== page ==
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The Fords' combo of delusion and dishonesty is beautiful in its ambition – they think they can bend reality
Nothing in life is so wonderful as those true stories that put our imaginations to shame. When the only precedents for which we can grasp are plot lines from fiction – which then even pale in comparison to our lived reality – there’s a sense that we’re charting new territory, experiencing something that no one before ever has and may never again.
Sometimes that involves sweat. Lots of sweat. And kneeling on the floor of the mayor’s office, on the verge of pissing yourself, squeezing your own camera through the legs of someone else’s tripod. Waiting for an announcement that you would not miss for the world and then finding yourself Rickroll’d by a mayor who will not leave office despite… everything.
It used to be a matter of trying to wrap your head around Rob Ford. Now it’s a matter of trying to wrap others’ heads around Rob Ford. How do you explain him to people who haven’t spent years being gradually acclimatized to his unique approach to life? Toss them a copy of Camus’s The Outsider?
Our great civic pride and shame is that our mayor is simultaneously a simple-minded man-child and an utter cipher with a terrifying dark side and bottomless well of secrets.
“Folks, I have nothing left to hide.”
How could you not be endlessly fascinated by a man whose professed low point in life includes a gratuitous admission that no one for a second believes? The Fordian combination of delusion and dishonesty is kind of beautiful in its ambition: both Rob and brother Doug firmly believe that they can bend reality to suit themselves.
Rather than changing, growing, adapting or admitting mistakes, they reshuffle their understanding of the world around them and try to convince others to go along with it, too. They reject the heliocentric model of the cosmos in favour of one in which every celestial body is defined by its path in relation to them.
And we, in turn, define ourselves by how we see the Fords.
There’s Rob Ford as unstoppable force. Rob Ford as immovable object. Rob Ford as addict. Rob Ford as hypocrite. Rob Ford as Tony Soprano, Tony Montana, Heisenberg, Henry Hill and all of the characters on The Wire put together. There’s Rob Ford as Lucky, and Doug Ford as Pozzo.
And there’s us, watching it for years in awe. Any one part of the Rob Ford story is, by itself, insane. But taken together, it all makes sense, each development a natural progression – a slow-motion satire about democracy gone wrong.
In just over three years, Ford has risen from an idiot nuisance on a municipal council to a person Jon Stewart earnestly begs to seek help for his own sake.
There are times he makes me ashamed of Toronto. And there are times he makes me love Toronto more than I have ever loved it, the way you share a closeness and a connection with those living through something no one else will ever quite understand.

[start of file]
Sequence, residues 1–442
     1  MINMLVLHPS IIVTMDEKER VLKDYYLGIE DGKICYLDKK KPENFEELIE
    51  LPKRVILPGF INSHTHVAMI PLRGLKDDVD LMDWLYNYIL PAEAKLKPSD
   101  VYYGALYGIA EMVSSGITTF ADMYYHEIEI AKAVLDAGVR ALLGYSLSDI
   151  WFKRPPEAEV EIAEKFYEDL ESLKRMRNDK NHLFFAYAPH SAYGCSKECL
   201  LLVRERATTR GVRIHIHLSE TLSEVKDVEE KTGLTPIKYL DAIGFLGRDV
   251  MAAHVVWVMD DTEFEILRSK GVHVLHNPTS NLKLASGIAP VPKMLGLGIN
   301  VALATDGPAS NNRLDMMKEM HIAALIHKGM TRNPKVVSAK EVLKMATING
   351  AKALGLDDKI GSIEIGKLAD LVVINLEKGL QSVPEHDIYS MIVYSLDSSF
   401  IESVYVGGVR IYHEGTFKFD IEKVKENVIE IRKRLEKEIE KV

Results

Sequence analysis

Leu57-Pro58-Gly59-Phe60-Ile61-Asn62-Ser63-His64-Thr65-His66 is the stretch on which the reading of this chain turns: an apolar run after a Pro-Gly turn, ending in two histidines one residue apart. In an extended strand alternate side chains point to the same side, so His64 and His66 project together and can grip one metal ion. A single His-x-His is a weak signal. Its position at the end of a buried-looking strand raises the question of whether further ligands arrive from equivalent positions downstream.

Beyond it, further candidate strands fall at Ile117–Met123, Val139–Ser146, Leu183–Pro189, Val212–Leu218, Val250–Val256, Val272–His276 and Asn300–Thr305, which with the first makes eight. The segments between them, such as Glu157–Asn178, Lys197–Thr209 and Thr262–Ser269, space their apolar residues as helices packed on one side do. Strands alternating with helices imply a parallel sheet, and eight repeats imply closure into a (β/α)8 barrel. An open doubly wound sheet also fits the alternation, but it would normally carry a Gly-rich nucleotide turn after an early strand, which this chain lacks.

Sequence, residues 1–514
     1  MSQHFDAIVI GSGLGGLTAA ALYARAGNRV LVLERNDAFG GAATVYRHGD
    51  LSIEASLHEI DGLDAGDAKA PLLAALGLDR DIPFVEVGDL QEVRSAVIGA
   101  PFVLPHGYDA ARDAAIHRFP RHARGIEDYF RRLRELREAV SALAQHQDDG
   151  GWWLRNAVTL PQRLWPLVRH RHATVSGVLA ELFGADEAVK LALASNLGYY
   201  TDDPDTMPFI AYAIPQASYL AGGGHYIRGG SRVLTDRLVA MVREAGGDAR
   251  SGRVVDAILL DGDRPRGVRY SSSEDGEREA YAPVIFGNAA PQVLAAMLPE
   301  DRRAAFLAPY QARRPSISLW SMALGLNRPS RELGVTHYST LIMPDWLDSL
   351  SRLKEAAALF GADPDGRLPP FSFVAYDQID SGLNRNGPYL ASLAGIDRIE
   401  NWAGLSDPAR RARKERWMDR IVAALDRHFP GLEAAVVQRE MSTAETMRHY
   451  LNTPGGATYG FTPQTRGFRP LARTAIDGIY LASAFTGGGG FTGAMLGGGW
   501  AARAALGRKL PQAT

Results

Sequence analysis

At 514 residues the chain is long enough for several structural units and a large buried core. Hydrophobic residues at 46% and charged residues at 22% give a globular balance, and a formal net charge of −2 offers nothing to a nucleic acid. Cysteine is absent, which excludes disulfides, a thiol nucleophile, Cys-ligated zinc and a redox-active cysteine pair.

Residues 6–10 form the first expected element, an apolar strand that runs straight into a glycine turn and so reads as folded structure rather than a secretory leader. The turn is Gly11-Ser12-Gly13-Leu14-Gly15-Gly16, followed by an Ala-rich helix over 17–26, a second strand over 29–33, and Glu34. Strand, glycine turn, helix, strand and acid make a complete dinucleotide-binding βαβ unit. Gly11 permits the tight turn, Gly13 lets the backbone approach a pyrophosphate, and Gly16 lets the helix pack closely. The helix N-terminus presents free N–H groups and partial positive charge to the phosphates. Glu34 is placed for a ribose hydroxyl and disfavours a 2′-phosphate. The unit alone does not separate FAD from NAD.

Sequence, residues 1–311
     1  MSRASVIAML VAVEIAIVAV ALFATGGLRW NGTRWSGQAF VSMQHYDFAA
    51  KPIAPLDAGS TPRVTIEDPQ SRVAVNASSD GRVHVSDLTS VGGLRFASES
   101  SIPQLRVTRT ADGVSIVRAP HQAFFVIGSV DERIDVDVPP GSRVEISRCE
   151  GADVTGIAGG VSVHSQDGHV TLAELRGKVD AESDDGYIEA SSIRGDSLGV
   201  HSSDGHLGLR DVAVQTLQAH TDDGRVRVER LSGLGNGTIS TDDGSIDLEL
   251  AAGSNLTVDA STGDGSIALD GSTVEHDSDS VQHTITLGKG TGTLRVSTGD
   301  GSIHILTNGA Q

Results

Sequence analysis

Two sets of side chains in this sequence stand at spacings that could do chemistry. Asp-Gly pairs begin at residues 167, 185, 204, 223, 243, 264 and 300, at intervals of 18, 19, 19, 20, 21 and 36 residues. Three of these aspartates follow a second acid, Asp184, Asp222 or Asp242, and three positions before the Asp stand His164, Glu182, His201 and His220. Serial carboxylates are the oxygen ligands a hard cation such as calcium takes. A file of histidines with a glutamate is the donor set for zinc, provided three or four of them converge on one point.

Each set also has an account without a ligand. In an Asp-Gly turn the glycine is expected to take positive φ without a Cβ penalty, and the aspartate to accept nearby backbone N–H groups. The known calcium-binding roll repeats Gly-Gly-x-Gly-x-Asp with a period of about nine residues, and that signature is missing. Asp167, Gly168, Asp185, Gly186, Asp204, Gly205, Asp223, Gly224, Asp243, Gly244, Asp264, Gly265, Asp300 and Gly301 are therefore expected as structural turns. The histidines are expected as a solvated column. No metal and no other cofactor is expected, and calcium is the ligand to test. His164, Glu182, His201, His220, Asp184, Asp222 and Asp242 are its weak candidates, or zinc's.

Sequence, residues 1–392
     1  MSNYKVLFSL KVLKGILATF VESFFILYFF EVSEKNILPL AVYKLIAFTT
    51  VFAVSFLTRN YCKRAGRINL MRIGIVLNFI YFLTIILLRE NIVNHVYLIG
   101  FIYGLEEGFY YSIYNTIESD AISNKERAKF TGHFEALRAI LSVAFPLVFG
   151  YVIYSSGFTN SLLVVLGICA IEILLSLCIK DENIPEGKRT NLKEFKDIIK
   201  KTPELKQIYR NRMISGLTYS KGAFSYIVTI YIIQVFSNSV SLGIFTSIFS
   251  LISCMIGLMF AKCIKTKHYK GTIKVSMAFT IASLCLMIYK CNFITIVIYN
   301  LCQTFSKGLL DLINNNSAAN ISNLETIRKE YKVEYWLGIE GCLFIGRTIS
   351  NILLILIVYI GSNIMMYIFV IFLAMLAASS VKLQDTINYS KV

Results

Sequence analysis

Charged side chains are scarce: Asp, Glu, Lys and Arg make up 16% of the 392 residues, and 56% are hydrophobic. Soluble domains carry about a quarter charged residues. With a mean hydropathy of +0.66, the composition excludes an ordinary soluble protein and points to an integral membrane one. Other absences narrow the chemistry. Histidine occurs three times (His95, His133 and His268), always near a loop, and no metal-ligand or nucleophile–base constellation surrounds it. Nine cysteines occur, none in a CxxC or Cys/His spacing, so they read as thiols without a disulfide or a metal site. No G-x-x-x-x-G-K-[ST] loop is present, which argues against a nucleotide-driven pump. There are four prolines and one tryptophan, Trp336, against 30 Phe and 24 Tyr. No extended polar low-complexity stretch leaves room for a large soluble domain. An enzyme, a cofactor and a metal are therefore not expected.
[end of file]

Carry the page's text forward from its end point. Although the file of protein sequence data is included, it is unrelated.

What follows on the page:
At Rob Ford’s victory party on the night of his election, a fellow journalist and I gave each other emotional support to work through our grief. I don’t talk about it often, because it’s not especially professional to do so, but for me this defined everything that came afterward. Out near the airport at the Toronto Congress Centre, any familiar face was welcome. But to find one who was willing to share that experience with me was something I will never forget.
There’s writing as advocacy, writing as catharsis and writing as historical documentation. Ford continues to inspire all three.
In our search for ways to work through this, to impose coherence and remind ourselves that we can effect change through our passion and intellect, we write. This is a golden age for writing about Toronto.
Former mayor David Miller’s greatest contribution to the city was creating space for hope. Rob Ford’s greatest contribution was getting us off our asses to create our own spaces for hope. To reflect on what we love about Toronto and why those things are worth fighting for.
Squatting on the carpet of the mayor’s protocol lounge on Tuesday afternoon, waiting for him to come out, I realized how much I’m going to miss this when, eventually, it’s all over. Don’t get me wrong: I would much rather the city function properly and forge policies to help its most vulnerable residents than struggle for brief flashes of normalcy. But the exhilaration, the high of tumbling through cataclysmic episodes of increasing consequence, will be gone.
We’ll be nostalgic for this period, which taught us that our stories are worth telling.
I think Jon Stewart summed up our new creation myth: “Must be nice to live in a city so problem-free it can be run for years by a hard-drinking crack mayor.”
We’re doing okay.
email@example.com | @goldsbie